The vodka ads tiling the walls of the Moscow metro station's lengthy
escalators abound with hypermasculine imagery. One poster for the Olymp
brand in the central Tverskaya metro station shows a boxer with Cro-Magnon
features wearing armor and chain mail, and carries the slogan: "The time for
the strong has come."
Recently, a new billboard has appeared here, displaying a lavender-tinged
bottle with a distinctive feminine shape, adorned in a white skirt billowing
upward, a la Marilyn Monroe, to reveal the label, Damskaya.
"Between us girls," is the catchphrase for this vodka intended for women, a
marketing campaign as jarring as, say, a Super Bowl commercial for women's
As the economy continues its skyward race, marketers are taking note of
Russian women and the discretionary income they represent. Scores of
seemingly unisex products, from cigarettes to juice, breakfast cereals and
even mobile phone plans have adopted a feminine flare. A fleet of pink taxis
with female drivers spares the women here the callous flirtation of male
And now there is vodka for women.
"In Russia, vodka is definitely a masculine product," said Natalya
Shumilina, the marketing director at Deyros, the distillery that produces
Damskaya. A woman also likes "to relax with her girlfriends" and drop a few
shots when the children go to bed, Shumilina said, but desires a vodka with
a bit more femininity that retains a traditional kick.
In truth, vodka is vodka, and much of what makes this particular brand
feminine is marketing. Damskaya, which is about $12 a bottle, comes in five
flavors, but otherwise tastes about the same as similar, midprice brands. It
is still 40 percent alcohol, as required by Russian law to carry the vodka
label, and is meant to be consumed neat rather than in cocktails.
Still, the trend is indicative of a changing dynamic in relations between
men and women here.
With an infusion of new wealth, women have gained financial independence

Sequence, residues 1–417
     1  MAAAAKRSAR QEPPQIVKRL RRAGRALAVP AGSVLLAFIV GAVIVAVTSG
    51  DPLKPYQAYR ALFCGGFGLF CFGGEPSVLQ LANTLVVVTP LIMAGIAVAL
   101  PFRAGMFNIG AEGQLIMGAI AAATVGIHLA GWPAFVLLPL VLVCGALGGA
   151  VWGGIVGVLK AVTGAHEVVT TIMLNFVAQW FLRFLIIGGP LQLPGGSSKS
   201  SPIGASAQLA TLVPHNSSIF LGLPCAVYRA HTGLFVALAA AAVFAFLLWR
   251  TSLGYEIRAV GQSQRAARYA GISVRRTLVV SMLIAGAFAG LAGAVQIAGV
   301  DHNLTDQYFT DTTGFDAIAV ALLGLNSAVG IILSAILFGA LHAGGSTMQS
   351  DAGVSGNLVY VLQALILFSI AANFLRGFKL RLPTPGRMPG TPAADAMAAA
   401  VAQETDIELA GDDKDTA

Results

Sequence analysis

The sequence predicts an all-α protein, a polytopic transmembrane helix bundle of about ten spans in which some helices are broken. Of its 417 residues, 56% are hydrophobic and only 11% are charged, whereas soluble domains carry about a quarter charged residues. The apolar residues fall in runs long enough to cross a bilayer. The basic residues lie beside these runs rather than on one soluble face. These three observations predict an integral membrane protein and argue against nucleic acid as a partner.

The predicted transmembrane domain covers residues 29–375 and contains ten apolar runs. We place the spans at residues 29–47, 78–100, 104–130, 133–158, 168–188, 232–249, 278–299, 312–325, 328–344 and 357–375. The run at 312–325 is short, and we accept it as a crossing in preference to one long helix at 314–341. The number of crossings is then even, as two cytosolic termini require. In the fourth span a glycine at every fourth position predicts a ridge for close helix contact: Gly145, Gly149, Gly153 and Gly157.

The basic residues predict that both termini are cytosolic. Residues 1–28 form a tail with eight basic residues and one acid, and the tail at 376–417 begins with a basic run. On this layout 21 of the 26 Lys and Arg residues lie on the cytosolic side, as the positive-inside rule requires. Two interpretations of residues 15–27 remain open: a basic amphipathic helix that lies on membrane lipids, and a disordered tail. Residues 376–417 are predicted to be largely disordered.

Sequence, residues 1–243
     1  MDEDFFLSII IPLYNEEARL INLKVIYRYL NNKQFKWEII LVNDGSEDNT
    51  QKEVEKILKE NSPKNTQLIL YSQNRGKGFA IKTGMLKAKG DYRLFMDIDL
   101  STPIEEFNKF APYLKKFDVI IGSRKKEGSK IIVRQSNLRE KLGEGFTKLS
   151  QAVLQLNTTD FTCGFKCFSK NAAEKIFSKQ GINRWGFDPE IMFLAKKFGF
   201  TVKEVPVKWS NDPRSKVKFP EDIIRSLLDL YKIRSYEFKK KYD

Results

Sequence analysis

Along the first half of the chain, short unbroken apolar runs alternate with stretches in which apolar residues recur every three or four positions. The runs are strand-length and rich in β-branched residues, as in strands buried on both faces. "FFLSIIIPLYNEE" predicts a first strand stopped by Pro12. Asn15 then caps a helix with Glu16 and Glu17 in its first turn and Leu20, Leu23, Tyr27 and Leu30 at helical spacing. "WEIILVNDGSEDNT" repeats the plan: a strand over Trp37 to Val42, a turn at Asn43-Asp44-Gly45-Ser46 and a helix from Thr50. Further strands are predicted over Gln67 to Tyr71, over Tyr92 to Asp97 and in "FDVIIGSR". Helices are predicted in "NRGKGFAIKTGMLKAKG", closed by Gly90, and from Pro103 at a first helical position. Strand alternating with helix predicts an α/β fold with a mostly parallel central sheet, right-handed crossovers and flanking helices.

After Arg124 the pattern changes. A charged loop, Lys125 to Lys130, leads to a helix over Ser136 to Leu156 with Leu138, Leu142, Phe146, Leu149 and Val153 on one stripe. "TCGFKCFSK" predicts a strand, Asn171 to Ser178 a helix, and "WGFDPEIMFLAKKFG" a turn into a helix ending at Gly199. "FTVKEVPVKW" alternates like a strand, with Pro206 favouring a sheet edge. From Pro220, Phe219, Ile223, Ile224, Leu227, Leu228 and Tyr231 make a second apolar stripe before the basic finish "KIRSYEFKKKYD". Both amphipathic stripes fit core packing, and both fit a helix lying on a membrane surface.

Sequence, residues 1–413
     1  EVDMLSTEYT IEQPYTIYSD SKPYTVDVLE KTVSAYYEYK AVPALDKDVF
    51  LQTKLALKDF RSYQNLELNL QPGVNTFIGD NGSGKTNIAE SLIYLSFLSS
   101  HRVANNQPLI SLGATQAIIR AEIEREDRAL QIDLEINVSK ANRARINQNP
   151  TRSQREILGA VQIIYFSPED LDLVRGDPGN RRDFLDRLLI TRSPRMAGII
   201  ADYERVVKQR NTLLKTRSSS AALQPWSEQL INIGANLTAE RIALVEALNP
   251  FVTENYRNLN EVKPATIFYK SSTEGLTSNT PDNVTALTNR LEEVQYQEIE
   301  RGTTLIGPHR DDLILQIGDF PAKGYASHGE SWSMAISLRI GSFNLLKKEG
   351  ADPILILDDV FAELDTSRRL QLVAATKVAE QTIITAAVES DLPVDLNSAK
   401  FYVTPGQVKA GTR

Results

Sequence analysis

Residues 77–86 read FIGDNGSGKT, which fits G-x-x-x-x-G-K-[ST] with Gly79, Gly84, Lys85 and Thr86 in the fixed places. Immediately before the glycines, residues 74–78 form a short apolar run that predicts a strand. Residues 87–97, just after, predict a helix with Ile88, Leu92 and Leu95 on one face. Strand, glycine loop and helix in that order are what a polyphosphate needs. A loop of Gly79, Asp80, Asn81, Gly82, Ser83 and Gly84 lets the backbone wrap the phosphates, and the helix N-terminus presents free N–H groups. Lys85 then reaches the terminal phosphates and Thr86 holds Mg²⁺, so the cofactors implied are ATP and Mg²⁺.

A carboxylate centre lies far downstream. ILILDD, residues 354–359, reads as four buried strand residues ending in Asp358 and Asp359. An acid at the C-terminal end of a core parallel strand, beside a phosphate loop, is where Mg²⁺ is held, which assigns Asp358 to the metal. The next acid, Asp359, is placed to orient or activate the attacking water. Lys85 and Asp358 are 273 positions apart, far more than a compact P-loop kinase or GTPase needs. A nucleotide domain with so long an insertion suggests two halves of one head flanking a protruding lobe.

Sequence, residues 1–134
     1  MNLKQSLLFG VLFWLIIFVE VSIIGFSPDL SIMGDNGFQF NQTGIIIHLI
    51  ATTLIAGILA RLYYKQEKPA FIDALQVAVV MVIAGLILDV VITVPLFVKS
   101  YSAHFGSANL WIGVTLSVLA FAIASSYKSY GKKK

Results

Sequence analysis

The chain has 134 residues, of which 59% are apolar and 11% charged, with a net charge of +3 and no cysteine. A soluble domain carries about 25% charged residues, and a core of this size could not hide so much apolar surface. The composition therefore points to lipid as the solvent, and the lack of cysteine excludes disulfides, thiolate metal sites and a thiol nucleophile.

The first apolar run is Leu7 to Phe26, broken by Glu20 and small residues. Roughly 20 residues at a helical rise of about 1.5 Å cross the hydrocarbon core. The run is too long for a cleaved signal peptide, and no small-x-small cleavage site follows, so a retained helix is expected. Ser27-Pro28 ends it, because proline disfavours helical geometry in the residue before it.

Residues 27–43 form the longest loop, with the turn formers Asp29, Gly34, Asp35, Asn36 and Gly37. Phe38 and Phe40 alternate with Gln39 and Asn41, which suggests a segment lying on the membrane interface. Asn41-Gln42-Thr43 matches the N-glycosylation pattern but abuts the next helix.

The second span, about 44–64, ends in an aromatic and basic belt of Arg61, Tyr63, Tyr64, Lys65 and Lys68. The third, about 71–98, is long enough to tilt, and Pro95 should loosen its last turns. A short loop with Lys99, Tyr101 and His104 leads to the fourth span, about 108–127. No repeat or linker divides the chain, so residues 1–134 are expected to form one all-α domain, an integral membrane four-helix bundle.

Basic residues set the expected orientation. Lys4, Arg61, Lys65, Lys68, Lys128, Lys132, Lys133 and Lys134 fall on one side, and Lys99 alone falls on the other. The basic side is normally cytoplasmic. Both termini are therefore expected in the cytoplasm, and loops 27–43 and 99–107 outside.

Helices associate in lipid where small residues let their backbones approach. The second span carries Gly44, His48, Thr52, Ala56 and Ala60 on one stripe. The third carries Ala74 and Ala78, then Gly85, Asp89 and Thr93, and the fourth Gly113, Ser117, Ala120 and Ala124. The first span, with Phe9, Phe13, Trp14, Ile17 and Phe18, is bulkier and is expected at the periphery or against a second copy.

unheard of during Soviet times and the economic chaos that followed. The
English word "shopping" has entered the Russian lexicon to mean a
recreational activity often associated with women, many of whom are
increasingly seeking products tailored specifically to suit feminine tastes.
"We are leaving - but not quickly - the idea of men supporting women and the
idea of women seeking men who will support them," said Lena Vasilyeva, the
editor-in-chief of the Russian edition of Cosmopolitan magazine.
Unlike in the Soviet era, when husbands and wives traditionally kept their
money in a single account, women are increasingly creating bank accounts
separate from their husbands' and saving a portion of their salaries to
spend on themselves without input from their families, Vasilyeva said.
In large cities, Russian women have indeed grown more active in business and
politics - there are two female cabinet ministers on the federal level - but
are as disinterested in breaking from traditional roles as wives and mothers
as shedding their patent-leather spike heals and miniskirts.
"Society is dictating new goals like making a career, et cetera, but the
core still remains," Vasilyeva said. "For a Russian woman the family will
always come first, I am certain, but this won't interfere with her building
These are the women that Deyros covets. The distillery says it has aimed its
marketing at women age 25 to 45 with average incomes and surplus cash, and
focused on their families rather than wealthy, upper-class careerists who
have been cultivating a taste for dry wine.
"This is not some super businesswoman, simply a girl who wants to visit her
friend and relax a little because her husband is home with the children,"
The concept is a radical one for Russia and violates a golden rule of
alcohol marketing: never advertise solely to women.
"You alienate the men, and women think it's too girly and feminine," said
Adrian Goldthorpe of FutureBrand, a global branding consultancy that counts
Russian vodka distributors among its clients.
Yet Goldthorpe violated the rule with Damskaya, helping to lead the team
that developed the bottle design and label.
"It felt like it was a golden taboo in alcohol that we could actually
break," he said by telephone from his London office. "When we look at
Russia, we look at a very machismo society on the surface, but there is also
a very, very strong matriarchal undercurrent that runs through it."